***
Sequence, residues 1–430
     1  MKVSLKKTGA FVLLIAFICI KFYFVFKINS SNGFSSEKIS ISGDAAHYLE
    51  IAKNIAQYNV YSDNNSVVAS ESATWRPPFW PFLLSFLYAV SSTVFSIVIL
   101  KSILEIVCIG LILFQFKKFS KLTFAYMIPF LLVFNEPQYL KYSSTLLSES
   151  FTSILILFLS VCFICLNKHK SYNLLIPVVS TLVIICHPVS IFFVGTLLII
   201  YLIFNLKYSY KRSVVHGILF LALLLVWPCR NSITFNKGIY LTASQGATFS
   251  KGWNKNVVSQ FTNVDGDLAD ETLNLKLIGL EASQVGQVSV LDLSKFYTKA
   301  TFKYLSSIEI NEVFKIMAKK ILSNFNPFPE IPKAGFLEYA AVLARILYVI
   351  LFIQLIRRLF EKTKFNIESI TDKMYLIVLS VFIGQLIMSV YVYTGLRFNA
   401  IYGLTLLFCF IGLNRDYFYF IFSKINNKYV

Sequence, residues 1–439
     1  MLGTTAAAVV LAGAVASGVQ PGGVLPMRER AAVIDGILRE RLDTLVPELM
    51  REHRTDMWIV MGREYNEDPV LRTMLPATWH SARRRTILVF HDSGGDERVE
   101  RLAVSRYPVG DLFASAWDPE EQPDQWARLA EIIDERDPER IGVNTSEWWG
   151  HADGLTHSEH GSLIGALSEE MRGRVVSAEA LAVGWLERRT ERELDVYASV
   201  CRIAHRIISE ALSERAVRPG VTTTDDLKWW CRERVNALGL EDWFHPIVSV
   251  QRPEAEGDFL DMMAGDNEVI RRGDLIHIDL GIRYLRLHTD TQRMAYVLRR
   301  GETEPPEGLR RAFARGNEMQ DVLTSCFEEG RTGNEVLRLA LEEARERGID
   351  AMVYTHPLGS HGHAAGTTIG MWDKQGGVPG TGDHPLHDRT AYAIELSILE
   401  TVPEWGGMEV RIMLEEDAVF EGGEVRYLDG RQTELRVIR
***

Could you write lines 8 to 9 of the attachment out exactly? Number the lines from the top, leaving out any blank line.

   301  TFKYLSSIEI NEVFKIMAKK ILSNFNPFPE IPKAGFLEYA AVLARILYVI
   351  LFIQLIRRLF EKTKFNIESI TDKMYLIVLS VFIGQLIMSV YVYTGLRFNA